A Sustainable Start : Rethinking Why Students Misbehave

Cause and Effects of Misbehavior
On the second day of school, I ask students to define the reasons why kids misbehave in class.  We then brainstorm the ways teachers and students can respond to these issues.  It's a twenty-minute excercise that makes a difference throughout the year:
  1. Students want to move around: Students can fix this by asking the teacher for a chance to get up and stretch.  Teachers can fix this by incorporating more movement into the class. 
  2. Students are afraid: It might be external - the system, the teacher, bullying from fellow students. Or it might be internal - laziness, fear of failure, restlessness, anxiety.  Students can be honest with teachers about fear and teachers can guide them with empathy and compassion.  There aren't any formulas for this, either.  It takes time to develop the relationship of trust required to handle fear.
  3. Students feel powerless: This might be the result of unreasonable teacher expectations or simply a student's lingering insecurities.  However, sometimes the strangest behavior occurs when a child feels powerless. I've noticed that students who feel powerless can engage in sabotage, a power struggle, apathy or agression toward others. The key here is finding a way to challenge students within a framework where they are free to make mistakes.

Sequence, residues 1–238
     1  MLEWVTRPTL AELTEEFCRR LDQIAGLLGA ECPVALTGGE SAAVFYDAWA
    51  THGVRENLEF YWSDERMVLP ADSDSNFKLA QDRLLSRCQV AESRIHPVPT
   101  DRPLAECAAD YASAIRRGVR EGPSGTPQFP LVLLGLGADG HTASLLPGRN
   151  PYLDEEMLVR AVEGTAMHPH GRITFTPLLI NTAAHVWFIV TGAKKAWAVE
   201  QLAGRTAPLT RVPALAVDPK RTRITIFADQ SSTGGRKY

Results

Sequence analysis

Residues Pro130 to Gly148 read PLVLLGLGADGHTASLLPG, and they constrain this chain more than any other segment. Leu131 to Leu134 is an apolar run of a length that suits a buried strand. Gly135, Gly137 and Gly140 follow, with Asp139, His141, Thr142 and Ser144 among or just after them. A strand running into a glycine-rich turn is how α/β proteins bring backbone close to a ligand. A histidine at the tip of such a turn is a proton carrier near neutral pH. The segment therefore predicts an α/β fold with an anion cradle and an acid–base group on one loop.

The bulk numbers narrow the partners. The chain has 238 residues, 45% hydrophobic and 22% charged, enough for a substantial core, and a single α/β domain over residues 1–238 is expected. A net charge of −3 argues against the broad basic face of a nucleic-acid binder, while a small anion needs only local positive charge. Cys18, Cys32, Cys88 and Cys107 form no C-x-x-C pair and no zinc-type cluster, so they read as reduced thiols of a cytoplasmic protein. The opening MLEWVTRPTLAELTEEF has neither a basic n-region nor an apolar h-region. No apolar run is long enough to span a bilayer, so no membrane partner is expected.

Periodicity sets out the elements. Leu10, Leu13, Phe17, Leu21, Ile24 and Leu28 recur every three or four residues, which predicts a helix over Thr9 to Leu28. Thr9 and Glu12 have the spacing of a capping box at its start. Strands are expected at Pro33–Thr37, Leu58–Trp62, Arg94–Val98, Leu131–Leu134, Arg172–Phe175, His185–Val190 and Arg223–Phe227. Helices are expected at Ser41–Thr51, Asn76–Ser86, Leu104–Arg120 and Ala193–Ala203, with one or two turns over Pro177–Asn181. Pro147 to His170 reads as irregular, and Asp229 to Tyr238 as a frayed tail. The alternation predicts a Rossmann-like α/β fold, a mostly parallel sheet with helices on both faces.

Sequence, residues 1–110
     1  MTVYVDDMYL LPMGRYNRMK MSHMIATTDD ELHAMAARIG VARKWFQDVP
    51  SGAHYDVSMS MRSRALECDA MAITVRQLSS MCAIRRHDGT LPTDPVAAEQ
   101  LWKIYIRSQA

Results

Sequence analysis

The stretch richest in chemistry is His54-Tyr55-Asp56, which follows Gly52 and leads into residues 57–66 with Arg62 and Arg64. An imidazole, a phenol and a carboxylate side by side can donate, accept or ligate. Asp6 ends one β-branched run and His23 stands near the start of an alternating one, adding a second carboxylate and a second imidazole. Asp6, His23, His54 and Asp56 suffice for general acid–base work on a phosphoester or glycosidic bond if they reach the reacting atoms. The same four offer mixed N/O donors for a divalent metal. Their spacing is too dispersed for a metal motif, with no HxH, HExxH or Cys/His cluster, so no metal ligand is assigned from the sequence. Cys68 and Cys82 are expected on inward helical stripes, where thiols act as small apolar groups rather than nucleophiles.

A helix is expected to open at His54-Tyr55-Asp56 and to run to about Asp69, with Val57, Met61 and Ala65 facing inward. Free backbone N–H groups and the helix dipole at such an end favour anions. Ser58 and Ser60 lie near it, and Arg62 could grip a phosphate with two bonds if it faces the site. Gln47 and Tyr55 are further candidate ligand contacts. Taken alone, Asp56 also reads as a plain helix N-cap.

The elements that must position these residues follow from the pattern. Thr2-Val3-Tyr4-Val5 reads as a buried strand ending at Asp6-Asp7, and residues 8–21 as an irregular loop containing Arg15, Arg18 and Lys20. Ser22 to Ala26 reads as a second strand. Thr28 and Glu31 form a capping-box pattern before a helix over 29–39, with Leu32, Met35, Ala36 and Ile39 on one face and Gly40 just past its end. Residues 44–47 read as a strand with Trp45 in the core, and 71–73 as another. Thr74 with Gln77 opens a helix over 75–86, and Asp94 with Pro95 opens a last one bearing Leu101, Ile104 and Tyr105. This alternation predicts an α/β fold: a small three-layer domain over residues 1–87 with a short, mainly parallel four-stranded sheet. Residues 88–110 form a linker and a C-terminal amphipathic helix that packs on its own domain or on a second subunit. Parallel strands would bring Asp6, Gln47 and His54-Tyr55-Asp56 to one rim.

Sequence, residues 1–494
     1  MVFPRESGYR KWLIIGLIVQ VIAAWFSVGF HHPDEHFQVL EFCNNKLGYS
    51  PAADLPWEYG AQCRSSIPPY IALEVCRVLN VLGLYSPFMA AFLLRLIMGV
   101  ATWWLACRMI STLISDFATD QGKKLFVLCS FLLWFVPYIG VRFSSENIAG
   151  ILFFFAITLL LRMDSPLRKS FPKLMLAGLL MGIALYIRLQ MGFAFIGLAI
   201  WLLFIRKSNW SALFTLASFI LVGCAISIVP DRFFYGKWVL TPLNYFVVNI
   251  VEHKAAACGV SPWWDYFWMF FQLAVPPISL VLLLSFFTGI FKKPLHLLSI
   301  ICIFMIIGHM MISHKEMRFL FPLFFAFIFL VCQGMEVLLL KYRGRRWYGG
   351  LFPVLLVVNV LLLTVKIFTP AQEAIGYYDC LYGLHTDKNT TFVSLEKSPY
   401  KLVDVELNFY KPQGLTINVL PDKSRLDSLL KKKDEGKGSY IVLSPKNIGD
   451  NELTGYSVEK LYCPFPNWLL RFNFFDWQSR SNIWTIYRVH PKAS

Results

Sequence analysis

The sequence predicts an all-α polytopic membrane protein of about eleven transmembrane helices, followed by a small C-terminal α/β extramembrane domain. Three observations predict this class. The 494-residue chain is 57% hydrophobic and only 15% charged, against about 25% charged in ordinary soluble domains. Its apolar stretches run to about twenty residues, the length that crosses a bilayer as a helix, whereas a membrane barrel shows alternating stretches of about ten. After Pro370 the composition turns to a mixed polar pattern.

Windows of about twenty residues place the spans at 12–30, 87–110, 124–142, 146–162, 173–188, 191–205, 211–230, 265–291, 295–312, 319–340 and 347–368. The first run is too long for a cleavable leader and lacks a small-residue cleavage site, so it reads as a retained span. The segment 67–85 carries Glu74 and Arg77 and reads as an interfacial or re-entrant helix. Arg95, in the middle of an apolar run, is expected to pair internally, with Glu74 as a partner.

4. Students want to be talk: Students can deal with this by showing self-control during silent times (silent reading, for example) and remembering the need for silence.  Teachers can deal with this by ensuring that students are talking at least half the time. 
  5. Students feel relationally isolated: This could be peer-based and it could be between the teacher and the student.  However, sometimes students get the sense that they are outcasts, that they don't belong and that they are losers.  Sadly, I've been the one who has caused this through insensitive words.  If a teacher provides a safe place and builds a relationship, eventually this student might feel like he or she has a place.